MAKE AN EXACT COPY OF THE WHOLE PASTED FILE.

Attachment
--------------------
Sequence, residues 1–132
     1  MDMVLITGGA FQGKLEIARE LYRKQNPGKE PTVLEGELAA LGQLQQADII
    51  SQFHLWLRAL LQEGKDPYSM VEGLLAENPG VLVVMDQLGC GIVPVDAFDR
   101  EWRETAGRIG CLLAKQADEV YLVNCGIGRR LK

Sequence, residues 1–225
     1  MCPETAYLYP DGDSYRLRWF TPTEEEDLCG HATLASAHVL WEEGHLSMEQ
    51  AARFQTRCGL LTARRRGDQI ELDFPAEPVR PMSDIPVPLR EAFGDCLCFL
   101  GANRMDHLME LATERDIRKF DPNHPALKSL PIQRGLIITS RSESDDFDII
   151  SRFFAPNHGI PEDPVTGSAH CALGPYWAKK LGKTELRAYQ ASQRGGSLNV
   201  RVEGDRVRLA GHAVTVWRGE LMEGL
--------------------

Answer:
Sequence, residues 1–132
     1  MDMVLITGGA FQGKLEIARE LYRKQNPGKE PTVLEGELAA LGQLQQADII
    51  SQFHLWLRAL LQEGKDPYSM VEGLLAENPG VLVVMDQLGC GIVPVDAFDR
   101  EWRETAGRIG CLLAKQADEV YLVNCGIGRR LK

Sequence, residues 1–225
     1  MCPETAYLYP DGDSYRLRWF TPTEEEDLCG HATLASAHVL WEEGHLSMEQ
    51  AARFQTRCGL LTARRRGDQI ELDFPAEPVR PMSDIPVPLR EAFGDCLCFL
   101  GANRMDHLME LATERDIRKF DPNHPALKSL PIQRGLIITS RSESDDFDII
   151  SRFFAPNHGI PEDPVTGSAH CALGPYWAKK LGKTELRAYQ ASQRGGSLNV
   201  RVEGDRVRLA GHAVTVWRGE LMEGL